Exclusive: Erik Buell Racing 1190 Bikes European Prices Unveiled, Lower than Expected

The name of Erik Buell is a synonym for high-performance race bikes on both shores of the Atlantic. Despite the harsh times the Buell company had after Harley dropped the sport bike segment, the reborn Erik Buell Racing (EBR) is afloat again… or should we say that it is flying? We met EBR’s VP of global sales Gary Pietruszewski in Milan at the EICMA and he agreed to share some exclusive stuff with us.
2014 EBR 1190RX 1 photo
Photo: EBR
Fact is, we were able to learn quite a lot reading between the lines and we are glad to be the first to share the info with you. First of all, we were a bit distressed to see that there were no 1190 bikes at EICMA 2014, but Pietruszewski explained to us that the bikes are in a transition stage between the 2014 and the 2015 model years. They were simply not ready for being displayed at EICMA.

Aggressive pricing and expansion in Europe

If anything, Buell machinery has also been associated with premium price tags which made them quite exclusive. This however, is about to change, Pietruszewski tells us. In a way, the new company, Erik Buell Racing has passed through a “strategic realignment” (BMW’s favorite for “change of plans”) process and is now aiming to debut in as many markets as possible.

However, knowing that super-expensive bikes do not make too good a business these days, EBR understood that price may be a decisive factor for most customers, despite brand attachment. What used to be a $45,000+ (€36,000) bike offer turned out to be less lucrative than expected. The race-specced RS is still up for sale, but its new siblings are going to make a difference.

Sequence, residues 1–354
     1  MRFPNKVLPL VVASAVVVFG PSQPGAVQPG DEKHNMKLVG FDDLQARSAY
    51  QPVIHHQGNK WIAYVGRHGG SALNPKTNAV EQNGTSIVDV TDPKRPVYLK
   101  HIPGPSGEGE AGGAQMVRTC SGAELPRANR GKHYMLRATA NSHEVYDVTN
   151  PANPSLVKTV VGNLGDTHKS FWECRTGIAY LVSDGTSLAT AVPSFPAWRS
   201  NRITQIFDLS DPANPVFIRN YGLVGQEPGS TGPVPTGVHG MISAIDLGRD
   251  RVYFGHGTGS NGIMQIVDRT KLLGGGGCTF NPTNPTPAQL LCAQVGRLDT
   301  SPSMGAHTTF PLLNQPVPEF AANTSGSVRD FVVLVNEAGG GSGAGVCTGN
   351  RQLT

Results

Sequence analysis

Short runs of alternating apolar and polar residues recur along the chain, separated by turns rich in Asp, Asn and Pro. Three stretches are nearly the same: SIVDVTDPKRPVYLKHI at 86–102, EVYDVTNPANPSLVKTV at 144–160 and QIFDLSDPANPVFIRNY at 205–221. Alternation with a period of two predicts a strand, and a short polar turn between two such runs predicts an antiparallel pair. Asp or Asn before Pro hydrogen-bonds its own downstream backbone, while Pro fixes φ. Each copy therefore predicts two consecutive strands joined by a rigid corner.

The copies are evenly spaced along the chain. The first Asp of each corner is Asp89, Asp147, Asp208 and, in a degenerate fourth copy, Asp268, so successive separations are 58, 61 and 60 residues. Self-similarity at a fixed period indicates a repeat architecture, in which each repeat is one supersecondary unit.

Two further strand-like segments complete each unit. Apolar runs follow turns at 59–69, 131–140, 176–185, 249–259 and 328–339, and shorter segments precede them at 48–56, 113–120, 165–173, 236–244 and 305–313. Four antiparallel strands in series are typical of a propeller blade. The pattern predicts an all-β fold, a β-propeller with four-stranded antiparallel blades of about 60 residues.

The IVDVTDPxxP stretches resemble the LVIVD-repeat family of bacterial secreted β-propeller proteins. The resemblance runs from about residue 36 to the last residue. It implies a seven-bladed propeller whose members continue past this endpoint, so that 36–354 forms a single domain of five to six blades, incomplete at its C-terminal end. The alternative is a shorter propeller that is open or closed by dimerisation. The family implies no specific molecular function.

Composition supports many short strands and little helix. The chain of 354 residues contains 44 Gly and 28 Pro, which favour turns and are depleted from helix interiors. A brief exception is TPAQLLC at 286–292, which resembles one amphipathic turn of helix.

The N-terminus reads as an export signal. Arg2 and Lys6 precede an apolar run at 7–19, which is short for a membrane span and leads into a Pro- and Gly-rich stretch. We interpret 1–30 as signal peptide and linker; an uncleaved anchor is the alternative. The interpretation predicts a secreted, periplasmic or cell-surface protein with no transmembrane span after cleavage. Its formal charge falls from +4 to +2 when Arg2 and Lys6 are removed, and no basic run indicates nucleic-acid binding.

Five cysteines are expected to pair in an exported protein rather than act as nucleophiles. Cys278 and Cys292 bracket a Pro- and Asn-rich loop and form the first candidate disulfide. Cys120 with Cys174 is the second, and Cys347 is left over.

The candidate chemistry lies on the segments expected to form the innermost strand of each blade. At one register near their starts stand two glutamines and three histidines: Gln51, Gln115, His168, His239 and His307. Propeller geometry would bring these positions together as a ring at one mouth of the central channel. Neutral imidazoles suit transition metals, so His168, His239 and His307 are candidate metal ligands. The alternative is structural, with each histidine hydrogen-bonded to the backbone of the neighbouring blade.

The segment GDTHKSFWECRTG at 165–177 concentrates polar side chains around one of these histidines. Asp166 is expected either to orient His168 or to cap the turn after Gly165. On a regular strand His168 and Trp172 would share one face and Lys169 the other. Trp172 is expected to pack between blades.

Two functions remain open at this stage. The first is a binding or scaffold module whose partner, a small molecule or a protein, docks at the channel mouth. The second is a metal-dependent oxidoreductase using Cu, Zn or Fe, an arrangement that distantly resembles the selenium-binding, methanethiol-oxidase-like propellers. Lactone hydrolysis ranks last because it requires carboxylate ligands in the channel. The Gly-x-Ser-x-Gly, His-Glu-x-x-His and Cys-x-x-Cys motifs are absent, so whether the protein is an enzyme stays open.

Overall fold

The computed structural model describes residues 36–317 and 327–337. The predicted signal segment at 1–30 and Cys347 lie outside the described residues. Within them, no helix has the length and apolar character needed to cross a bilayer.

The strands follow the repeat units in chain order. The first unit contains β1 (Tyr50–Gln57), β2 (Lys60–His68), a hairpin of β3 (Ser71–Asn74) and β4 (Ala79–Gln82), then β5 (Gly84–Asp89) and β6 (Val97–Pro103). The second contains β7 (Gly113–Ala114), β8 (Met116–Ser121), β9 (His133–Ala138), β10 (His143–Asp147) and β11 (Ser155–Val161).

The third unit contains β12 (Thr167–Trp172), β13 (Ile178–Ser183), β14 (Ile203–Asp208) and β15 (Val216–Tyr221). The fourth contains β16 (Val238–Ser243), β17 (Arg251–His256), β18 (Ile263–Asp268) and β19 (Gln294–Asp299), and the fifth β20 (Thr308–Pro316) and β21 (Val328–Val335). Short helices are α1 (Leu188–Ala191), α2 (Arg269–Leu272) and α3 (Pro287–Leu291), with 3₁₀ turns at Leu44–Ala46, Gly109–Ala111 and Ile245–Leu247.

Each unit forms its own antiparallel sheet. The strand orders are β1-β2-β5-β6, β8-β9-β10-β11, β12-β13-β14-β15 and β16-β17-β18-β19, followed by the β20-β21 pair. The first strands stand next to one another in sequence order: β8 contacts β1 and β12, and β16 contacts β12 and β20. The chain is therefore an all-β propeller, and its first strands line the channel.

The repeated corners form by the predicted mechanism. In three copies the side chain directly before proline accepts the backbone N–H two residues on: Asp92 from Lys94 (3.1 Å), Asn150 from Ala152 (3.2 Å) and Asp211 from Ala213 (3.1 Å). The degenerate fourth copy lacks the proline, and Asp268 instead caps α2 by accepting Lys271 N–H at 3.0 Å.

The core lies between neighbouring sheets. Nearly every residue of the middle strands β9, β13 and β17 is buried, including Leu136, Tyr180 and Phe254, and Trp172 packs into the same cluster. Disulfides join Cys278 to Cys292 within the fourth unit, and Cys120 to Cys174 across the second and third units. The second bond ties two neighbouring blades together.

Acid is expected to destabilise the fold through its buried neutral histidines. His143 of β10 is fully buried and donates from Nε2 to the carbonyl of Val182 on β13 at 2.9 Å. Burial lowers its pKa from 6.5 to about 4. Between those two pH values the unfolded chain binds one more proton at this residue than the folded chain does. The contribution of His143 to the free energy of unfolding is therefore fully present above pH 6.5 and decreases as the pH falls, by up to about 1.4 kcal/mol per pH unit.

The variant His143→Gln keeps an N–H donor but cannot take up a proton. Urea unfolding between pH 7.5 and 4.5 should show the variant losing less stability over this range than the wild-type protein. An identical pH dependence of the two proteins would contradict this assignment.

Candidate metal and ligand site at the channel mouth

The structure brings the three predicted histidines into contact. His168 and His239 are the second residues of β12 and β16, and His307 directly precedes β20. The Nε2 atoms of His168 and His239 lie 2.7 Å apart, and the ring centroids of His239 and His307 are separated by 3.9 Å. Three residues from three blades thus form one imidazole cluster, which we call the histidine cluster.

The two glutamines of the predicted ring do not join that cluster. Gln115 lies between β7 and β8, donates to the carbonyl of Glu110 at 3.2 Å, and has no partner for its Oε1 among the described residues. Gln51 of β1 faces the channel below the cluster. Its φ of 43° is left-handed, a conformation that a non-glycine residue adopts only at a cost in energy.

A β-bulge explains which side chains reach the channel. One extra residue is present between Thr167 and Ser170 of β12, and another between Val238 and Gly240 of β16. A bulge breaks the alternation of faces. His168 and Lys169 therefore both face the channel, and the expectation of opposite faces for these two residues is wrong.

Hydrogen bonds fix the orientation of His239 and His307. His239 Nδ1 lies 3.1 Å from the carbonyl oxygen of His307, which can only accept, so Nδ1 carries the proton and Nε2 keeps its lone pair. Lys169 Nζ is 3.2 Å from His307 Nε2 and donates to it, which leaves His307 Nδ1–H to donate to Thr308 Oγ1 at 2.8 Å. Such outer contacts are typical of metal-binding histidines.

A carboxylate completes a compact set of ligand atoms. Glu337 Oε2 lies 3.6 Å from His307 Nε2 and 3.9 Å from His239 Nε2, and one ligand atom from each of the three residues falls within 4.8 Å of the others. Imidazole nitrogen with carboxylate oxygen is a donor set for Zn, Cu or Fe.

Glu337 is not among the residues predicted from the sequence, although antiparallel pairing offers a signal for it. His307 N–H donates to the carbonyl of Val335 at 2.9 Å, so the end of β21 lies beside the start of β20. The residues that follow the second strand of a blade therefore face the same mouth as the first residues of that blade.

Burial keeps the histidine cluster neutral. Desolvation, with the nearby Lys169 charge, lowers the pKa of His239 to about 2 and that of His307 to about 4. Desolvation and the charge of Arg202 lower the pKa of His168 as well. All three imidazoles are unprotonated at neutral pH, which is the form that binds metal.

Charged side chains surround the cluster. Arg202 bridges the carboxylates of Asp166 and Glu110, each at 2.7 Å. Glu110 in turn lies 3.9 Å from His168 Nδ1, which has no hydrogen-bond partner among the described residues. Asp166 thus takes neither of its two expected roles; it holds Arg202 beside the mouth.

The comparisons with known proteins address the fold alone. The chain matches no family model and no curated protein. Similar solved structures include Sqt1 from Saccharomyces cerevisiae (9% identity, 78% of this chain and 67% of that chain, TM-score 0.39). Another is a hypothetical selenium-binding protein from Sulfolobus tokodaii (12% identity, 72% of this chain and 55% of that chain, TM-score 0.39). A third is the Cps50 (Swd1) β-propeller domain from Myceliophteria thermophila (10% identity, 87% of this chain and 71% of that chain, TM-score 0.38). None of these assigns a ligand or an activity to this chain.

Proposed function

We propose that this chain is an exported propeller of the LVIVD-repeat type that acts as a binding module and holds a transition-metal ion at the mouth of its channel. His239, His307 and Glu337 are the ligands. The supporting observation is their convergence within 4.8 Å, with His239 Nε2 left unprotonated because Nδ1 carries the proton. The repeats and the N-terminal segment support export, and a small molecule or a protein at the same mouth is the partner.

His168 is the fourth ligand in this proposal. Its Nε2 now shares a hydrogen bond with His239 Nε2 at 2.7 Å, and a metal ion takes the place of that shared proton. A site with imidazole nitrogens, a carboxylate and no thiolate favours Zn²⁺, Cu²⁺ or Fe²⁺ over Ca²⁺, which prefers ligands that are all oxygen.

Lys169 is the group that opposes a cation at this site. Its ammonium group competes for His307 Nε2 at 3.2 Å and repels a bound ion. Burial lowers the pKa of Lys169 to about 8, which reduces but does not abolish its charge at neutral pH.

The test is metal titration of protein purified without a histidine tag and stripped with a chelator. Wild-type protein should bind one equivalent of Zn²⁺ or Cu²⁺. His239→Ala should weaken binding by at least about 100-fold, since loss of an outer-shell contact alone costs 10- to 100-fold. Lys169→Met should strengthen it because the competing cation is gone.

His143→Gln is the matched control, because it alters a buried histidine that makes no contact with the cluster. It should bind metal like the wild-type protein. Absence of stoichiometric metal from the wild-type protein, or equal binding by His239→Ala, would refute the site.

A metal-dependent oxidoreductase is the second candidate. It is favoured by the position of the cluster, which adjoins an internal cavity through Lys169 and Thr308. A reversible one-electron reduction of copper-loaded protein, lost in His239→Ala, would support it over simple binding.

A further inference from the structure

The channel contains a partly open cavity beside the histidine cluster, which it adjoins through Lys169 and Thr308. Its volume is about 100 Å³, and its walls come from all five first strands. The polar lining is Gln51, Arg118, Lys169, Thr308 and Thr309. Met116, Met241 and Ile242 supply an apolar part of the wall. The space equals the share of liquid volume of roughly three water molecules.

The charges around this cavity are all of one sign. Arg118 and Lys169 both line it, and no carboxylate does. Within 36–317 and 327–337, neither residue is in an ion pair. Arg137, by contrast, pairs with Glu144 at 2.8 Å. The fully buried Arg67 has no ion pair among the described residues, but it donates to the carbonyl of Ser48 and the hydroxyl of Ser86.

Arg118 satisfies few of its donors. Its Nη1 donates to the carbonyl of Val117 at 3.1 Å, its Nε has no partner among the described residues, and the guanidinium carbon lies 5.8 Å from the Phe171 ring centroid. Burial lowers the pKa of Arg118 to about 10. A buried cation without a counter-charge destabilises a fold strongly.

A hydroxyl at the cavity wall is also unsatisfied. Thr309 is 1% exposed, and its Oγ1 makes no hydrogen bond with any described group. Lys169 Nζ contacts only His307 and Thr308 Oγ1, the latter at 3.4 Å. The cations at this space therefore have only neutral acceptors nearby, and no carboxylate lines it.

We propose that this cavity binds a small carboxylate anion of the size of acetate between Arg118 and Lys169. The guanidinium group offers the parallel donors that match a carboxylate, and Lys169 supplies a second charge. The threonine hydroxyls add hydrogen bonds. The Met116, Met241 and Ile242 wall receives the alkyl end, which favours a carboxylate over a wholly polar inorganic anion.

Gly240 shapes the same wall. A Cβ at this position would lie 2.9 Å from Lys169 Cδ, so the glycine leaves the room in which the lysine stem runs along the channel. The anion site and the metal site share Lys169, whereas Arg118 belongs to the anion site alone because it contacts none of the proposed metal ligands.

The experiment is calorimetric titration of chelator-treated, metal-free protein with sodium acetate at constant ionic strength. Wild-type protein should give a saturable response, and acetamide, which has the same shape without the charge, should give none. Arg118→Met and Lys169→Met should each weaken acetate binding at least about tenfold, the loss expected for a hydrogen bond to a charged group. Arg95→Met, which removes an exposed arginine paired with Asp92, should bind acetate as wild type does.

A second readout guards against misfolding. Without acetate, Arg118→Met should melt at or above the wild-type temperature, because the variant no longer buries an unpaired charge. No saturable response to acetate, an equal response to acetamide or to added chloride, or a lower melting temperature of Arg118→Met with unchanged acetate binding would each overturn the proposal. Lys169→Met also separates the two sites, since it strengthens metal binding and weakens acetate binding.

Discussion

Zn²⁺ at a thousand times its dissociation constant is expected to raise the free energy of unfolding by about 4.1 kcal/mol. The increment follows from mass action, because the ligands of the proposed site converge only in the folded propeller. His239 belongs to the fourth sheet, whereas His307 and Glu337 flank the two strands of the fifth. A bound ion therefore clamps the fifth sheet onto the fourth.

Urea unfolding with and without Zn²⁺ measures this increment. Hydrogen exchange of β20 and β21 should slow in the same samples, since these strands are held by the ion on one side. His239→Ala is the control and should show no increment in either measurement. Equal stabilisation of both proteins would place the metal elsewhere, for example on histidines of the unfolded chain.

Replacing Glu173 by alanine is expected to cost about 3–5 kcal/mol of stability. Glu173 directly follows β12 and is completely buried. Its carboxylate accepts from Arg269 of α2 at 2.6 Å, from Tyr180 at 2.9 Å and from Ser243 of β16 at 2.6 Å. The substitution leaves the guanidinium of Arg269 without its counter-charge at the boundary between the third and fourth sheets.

EBR’s new motorcycles retain most of the vibe the old sport motorcycles had, but in a package that’s more affordable and with better sales prospects. And it doesn’t take a marketing specialist to learn that selling more bikes does drive business forward.

The 1190RX has an US price tag of just under $19,000, while its naked sister is a couple of thousands less expensive. We were expecting that prices for Europe be in the €20,000 range, especially as most of the products which cross the pond from the US to the old continent maintain the figures but swap the dollar sign with the Euro one… and get some more taxes sometimes.

We were surprised to hear Pietruszewski mentioning that EBR first thought about a €17,000 price, but then decided to lower things a bit. He even said that depending on the market, the cheapest 1190 bike sold in Europe could go for as low as €15,000.

Now, this means war, and a very serious one, too. An American bike completely built in the US, with a huge history behind and in a modern guise with updated technology and performance offered for such a price in Europe should draw a lot of customers.

Of course, it’s always the reliability, service and parts supply which have the final word, but EBR looks like they are taking care of everything. Their plans for expansion are quite ambitious and they include Eastern Europe and South Africa, with more regions to follow.
If you liked the article, please follow us:  Google News icon Google News Youtube Instagram X (Twitter)

Would you like AUTOEVOLUTION to send you notifications?

You will only receive our top stories